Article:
2. With Principal LED and Sloan's V-series (value line) LED lines hitting the market at extremely low pricing I noticed a surge in shops literally flocking to save on peanuts. Here's a warning, be weary....It seems like Principal LED has taken a large step back in LED module quality as all their LED modules have gone all Constant Voltage.....no longer Constant Current. Sloan's newest Value 4 line....the 2LED Module is now .96 watts per module with modest light output for that power....this module is also Constant Voltage Not Constant Current. My thoughts on Sloan is for a high wattage module for modest light, it means the chip quality is not very efficient (Light output for power in). They're having to pump in more juice to get more light. More power means more heat, more heat is what kills LED life. Constant Voltage Modules have no current regulation, their dependent on resistors and light output for the first module on a string is brighter than the last on that same string. Constant Voltage Modules have a much shorter life than a current regulated Constant Current LEDs, where all modules on a string are equally bright. An efficient LED chip will put out more light for lesser power, the lesser the power the longer the life. Hold on to those long warranties....if they're still valid. You'll have a lot of paperwork to fill out and keep track of Sometimes companies get so large they end up using their name to sell products for products that use to be better.... Just some thoughts and opinion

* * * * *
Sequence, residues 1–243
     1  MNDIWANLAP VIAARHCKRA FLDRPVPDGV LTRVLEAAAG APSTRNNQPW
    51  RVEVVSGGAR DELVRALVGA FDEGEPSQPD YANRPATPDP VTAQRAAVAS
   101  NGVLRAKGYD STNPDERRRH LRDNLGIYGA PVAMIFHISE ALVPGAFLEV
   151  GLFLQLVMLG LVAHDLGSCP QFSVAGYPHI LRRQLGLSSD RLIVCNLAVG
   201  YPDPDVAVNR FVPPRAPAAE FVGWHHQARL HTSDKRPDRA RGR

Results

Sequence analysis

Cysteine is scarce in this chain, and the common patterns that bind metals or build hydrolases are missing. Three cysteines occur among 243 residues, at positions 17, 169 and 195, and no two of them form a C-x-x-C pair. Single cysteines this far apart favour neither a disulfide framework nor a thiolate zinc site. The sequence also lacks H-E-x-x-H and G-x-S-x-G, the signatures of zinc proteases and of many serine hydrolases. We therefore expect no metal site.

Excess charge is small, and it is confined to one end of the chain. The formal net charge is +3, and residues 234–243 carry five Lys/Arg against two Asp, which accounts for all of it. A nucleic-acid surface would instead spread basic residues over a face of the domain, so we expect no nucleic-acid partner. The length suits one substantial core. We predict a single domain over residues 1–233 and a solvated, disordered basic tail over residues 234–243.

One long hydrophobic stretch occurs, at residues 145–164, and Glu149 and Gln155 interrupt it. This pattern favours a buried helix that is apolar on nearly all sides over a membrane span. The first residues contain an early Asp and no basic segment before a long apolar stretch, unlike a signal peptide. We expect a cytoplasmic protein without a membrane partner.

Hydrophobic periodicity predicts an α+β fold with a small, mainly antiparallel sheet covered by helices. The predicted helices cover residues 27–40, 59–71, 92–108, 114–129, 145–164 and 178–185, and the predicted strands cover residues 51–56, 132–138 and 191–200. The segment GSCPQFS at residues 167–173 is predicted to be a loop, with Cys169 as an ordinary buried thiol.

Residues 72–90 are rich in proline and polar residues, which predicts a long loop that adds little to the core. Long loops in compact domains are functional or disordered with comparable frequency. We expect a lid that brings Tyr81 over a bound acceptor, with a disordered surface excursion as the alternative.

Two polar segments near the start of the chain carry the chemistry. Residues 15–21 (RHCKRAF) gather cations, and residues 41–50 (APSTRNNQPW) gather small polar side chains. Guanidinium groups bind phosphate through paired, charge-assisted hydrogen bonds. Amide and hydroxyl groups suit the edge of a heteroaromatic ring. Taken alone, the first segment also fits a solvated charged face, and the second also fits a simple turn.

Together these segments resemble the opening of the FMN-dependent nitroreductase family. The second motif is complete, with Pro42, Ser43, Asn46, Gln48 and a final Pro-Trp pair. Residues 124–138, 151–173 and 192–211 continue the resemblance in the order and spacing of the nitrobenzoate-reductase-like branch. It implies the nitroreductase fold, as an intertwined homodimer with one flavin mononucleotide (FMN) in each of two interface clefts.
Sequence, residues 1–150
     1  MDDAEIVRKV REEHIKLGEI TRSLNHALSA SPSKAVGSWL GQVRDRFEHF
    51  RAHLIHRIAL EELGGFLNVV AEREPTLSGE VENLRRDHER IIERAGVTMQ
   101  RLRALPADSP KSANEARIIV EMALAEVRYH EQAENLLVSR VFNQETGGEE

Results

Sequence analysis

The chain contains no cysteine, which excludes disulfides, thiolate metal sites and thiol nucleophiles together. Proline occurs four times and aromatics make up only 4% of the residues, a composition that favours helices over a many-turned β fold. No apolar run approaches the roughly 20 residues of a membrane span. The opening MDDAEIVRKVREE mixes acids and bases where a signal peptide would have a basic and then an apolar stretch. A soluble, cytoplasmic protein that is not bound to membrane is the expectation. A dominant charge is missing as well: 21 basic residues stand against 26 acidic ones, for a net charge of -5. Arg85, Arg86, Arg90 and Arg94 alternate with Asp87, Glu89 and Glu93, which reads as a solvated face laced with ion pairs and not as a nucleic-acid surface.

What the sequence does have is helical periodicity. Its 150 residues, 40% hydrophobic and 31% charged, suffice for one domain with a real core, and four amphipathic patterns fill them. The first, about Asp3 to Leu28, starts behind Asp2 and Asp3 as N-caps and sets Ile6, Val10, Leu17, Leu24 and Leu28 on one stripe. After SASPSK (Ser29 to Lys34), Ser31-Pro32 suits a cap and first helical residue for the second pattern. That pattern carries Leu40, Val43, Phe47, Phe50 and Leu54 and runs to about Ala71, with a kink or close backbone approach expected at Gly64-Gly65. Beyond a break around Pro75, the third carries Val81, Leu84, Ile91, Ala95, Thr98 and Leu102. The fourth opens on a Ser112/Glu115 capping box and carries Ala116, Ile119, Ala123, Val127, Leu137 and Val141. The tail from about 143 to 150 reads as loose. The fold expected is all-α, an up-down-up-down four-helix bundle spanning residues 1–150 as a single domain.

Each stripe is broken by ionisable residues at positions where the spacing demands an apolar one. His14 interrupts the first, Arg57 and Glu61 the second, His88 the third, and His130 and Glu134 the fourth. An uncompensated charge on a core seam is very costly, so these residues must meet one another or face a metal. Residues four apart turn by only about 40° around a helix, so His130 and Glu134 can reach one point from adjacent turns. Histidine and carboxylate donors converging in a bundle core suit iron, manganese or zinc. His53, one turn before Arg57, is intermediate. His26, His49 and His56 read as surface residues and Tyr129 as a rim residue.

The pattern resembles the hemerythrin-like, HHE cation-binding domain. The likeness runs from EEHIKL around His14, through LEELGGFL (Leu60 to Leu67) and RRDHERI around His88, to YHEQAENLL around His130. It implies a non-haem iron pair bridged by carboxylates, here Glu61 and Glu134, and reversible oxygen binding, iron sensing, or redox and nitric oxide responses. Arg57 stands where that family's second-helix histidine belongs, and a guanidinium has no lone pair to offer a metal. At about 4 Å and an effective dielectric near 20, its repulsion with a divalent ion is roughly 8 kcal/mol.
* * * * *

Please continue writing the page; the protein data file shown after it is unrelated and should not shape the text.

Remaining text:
3. The Assault of our "Traditions" In another topic I started a week back or so is below but now I'm continuing in a new thread, because...jokes aside. http://www.thesignsyndicate.com/forums/index.php?/topic/6677-pillsbury-dough-boy-makeover-and-93-saving/ Something big has changed, a more understanding behind the news article. A look into "Sign Mythology" See Sign Proposal from Lawrence Sign below: wcms1p-122428.pdf It's not very often, but I just read this a short time ago and I have to say my stomach dropped, you know that sick disgusted feeling you get right there in the center of your stomach? I'm attaching a document that was made public on another site thanks to Mike for making it public. If this doesn't sicken everyone in the electric sign industry I don't know what will, and this should. There is something that everyone in the electric sign industry should uphold no matter what light source you prefer or what your opinion is on applications. I'm speaking about upholding our traditions, and never giving them up to mis-characterization and mis-information. Neon has been around for a long time and there a place for it like everything else in life based on it's own merit and function in upon which it serves. Neon is also a tradition, OUR tradition no matter what you produce in this trade! You may have not been in the electric sign industry for a long time, you may be relatively new, and you may have never even touched, fabricated or installed any before ever. But that should not keep you from appreciating it's function and pure elegance. Right now it's being assaulted, mis-characterized, and outright LIED as a whole, just to make a buck for something that will not last as long as it can. There is a time and place in everything when it comes to the electric sign industry but Flexible LEDs should NOT be used to replace a historical sign, especially when the person doing the push sell of a repair or retrofit is doing so with false information and mis-leading the buyer. Well, that's what Lawrence Sign is doing right now. It's one thing to read an article online or in a newspaper, it's another to see a proposal from seller to buyer in print with false information which does nothing but desecrate and annihilate our traditions, that they themselves are apart of. LED Flex Strips do not have usable light at 100,000 hours. Red LED's degrade in light, Red pumped Neon does not. Red neon does NOT consume 20 WATTS per foot, that's ABSURD!!! That diameter neon lamps for that size project consume 3 to 3.5 watts per foot. it does not take $15k a year in cost of operation vs $1,000 a year to convert over to LED Now that we have a real proposal to go off of we can calculate/estimate the cost of operation. We can estimate that with the 11' letters have approx 93 feet of Neon (3 rows inches x 8.5), the lowercase and small capitals have 56' of lamps = 1,258' of lamps 1293' x 3 watts per foot = 3,774 watts 3,774 watts x 12 hrs x 365 days a year x $.15kwh / 1000 PC = $2,479.50, NOT almost $16,000 in annual cost of operation ​When it comes to the supposed "Yearly Maintenance" I don't even have a comment on that part, it just gets more ridiculous. If hail is a big concern for breakage then clear polycarbonate can come in real handy. So can hinge system. A Industry as a whole, this sign trade needs to care no matter what your preference is and how long you've been in this industry, as someone new to it, 2nd, 3rd generation....otherwise we will loose a big part of who we are and we shame those who came before us, we shame those who started our grand traditions. It won't come from our leadership in the form or associations, their just as guilty if not enablers of mis-information and mis-characterization of our traditions. The trade magazines? Just as bad, only trade magazine that actually reports now and IS "journalism", is "Signs of The Times". In the end, it's about how you and I conduct OUR business, how we sell to our clients, and how we want our "Signs" left behind. We're forgetting why we came into this industry, what it is to look back at something long after we put it up, long after. Lately it's just been bastardized by outsiders who just want to take our trade and traditions and turn it into a cheap commodity all because THEY have something THEY want to sell to us, we can even go a step further to say what THEY want force on us and what THEY want forced upon the end user. Integrity - To do what's right and not what comes easy, even when no one is looking. Traditions - It's who we are, and what we want to pass on to those after us.